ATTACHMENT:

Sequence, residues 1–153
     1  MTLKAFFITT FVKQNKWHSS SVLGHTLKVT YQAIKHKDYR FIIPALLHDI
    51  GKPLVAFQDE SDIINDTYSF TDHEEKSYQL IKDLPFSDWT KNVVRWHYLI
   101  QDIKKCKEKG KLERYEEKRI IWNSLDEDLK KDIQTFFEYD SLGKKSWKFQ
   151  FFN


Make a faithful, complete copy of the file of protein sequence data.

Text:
Sequence, residues 1–153
     1  MTLKAFFITT FVKQNKWHSS SVLGHTLKVT YQAIKHKDYR FIIPALLHDI
    51  GKPLVAFQDE SDIINDTYSF TDHEEKSYQL IKDLPFSDWT KNVVRWHYLI
   101  QDIKKCKEKG KLERYEEKRI IWNSLDEDLK KDIQTFFEYD SLGKKSWKFQ
   151  FFN